On the site you will also find a continued story, sent to the followers during a year, two times a week. You can call it a blog because that is what it appears to be. But rather, it is a book, cut into 200 pieces which is to appear as an e-book in the spring of 2016. The leitmotiv in the book is also ‘we believe that we know…’, a subject that we will approach in many different ways. It is our translation of a much older observation. There is a popular apologistic work dating from 1684 and written by Jacques Abbadie, a French protestant, entitled: “Traité de la Vérité de la Religion Chrétienne”. (Tractate on the Truth of the Christian Faith). The following lines are found, according to Quote Investigator, in Ch. II:
… ont pû tromper quelques hommes, ou les tromper tous dans certains lieux & en certains temps, mais non pas tous les hommes, dans tous les lieux & dans tous les siècles.”
Usually the line is attributed to Abraham Lincoln, some 200 years later (1809-1865). Then it reads: “You can fool all the people some of the time, and some of the people all of the time, but you cannot fool all of the people all of the time.” An interesting saying. What is understood and felt as ‘truth’, over time and when enough people believe it to be the truth, becomes the truth. Everything that is politically, legally and socially legitimized, is being perceived as ‘the truth’. That is exactly that an organization needs to work on permanently. If you want us to be there, we’ll be there.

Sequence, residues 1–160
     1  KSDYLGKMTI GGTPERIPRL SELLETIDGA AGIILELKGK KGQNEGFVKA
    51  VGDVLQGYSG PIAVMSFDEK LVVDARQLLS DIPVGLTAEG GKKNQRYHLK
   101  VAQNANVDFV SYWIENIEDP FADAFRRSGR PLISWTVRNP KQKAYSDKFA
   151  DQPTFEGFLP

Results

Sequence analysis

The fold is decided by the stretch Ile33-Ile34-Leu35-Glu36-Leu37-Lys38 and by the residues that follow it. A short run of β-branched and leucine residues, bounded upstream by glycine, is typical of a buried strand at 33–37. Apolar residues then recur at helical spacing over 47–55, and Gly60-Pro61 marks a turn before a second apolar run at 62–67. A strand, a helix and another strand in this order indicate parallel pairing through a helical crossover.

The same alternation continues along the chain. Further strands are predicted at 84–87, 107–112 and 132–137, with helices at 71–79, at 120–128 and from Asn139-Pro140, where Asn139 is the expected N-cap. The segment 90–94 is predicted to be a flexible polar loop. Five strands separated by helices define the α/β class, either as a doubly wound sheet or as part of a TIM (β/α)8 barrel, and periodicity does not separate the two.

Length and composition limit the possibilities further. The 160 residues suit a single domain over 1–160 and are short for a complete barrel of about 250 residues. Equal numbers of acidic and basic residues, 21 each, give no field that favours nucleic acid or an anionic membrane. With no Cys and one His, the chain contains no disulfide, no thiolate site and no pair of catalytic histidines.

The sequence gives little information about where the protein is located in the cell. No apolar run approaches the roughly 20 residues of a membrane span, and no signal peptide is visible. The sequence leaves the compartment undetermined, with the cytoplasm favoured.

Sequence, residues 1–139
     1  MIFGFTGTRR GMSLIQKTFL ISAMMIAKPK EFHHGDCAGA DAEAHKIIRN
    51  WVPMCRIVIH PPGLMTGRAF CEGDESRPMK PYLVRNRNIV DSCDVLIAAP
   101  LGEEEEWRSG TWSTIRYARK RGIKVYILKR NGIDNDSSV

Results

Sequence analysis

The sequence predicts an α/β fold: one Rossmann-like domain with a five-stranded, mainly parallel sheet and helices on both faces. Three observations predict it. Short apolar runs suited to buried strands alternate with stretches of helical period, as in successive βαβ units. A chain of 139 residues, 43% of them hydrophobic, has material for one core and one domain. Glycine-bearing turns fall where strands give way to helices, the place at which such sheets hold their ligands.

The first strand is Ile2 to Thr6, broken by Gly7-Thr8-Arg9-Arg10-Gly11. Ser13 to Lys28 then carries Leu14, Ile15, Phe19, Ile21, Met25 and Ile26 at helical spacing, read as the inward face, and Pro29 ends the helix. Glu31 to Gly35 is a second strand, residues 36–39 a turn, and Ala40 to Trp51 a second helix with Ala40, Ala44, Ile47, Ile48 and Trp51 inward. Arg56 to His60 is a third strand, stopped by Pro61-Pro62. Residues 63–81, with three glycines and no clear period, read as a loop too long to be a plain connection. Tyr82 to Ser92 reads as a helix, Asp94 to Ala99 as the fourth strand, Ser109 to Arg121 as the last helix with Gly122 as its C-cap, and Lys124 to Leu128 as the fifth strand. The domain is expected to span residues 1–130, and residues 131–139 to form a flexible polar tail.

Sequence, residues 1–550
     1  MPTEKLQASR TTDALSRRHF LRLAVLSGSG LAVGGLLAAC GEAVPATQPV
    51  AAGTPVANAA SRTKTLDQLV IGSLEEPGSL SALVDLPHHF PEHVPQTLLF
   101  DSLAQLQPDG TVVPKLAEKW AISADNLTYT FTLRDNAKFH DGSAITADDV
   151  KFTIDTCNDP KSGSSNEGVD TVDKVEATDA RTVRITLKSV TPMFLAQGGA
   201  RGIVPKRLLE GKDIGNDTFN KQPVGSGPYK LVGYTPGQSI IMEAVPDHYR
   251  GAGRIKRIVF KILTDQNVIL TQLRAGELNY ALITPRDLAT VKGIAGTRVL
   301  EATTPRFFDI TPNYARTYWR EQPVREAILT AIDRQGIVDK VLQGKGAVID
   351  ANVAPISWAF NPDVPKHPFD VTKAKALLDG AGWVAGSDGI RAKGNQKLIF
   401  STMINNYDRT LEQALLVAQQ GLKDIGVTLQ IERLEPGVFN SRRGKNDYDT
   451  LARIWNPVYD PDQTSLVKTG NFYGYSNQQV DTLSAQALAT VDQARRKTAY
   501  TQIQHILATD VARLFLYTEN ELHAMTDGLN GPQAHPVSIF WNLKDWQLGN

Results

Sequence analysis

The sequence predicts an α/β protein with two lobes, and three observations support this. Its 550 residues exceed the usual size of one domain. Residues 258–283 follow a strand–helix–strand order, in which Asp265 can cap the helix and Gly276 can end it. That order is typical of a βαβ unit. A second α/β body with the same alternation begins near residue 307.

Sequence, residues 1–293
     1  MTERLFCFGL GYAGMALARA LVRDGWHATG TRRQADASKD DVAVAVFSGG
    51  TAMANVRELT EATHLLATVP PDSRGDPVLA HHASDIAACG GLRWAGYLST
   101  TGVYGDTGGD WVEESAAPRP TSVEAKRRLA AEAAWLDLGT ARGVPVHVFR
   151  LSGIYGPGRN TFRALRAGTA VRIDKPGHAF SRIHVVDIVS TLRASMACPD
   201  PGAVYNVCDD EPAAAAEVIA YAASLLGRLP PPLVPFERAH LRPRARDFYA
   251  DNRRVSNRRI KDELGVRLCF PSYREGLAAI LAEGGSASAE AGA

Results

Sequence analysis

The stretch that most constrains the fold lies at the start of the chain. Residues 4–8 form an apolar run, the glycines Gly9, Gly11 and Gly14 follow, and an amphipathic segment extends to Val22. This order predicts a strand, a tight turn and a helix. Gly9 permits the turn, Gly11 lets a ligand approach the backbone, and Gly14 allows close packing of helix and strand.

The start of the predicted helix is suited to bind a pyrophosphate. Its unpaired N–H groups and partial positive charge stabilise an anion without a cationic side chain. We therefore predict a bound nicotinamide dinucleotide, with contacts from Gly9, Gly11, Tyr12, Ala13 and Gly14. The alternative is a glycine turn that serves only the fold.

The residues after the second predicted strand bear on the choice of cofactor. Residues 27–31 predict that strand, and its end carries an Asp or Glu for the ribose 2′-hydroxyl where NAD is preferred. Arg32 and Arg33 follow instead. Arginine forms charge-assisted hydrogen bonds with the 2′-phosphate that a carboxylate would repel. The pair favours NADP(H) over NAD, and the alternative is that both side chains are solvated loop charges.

Eliane Schoonman graduated cum laude in Argumentation & Rhetoric at the University of Amsterdam and is the founding person of the agency. She advises the government and commercial companies on social legitimacy and popular appreciation. Support is necessary for the acceptation of the administrations or the company’s policy. One has to have a solid command over ‘what’ one says as well as over ‘how’ one says it. Such a linguistic approach forms the basis of understanding public opinion and working on acceptance of ones own company. Knowledge of framing processes is indispensable as well as knowing ones possibilities of participating in these processes. The Issues Management Institute works with other professionals depending on the service asked or the issue concerned. Eliane Schoonman used to work as a journalist for the Dutch weekly ‘Elsevier’ and later joined the School for Journalism and Public Information in Utrecht, The Netherlands as a teacher. She also operates since 2000 as interim Corporate Communications Manager. She is also a member of the audit committee for higher professional and academic education in the Netherlands and Flanders (Belgium). She was vice president of the professional society of communication professionals, board member of International Press Centre Nieuwspoort and member of the Board of Commissioners of the International School of Philosophy (ISVW) in the Netherlands. She wrote six books on issues management, media policy and spin doctoring and is also the author of dozens of publications, of which some are accessible through her page on LinkedIn. In 2010 she started to study law at the University of Amsterdam. She is expected to graduate at the beginning of 2016, in the Master International and European Law. The Issues Management Institute is located in Amsterdam.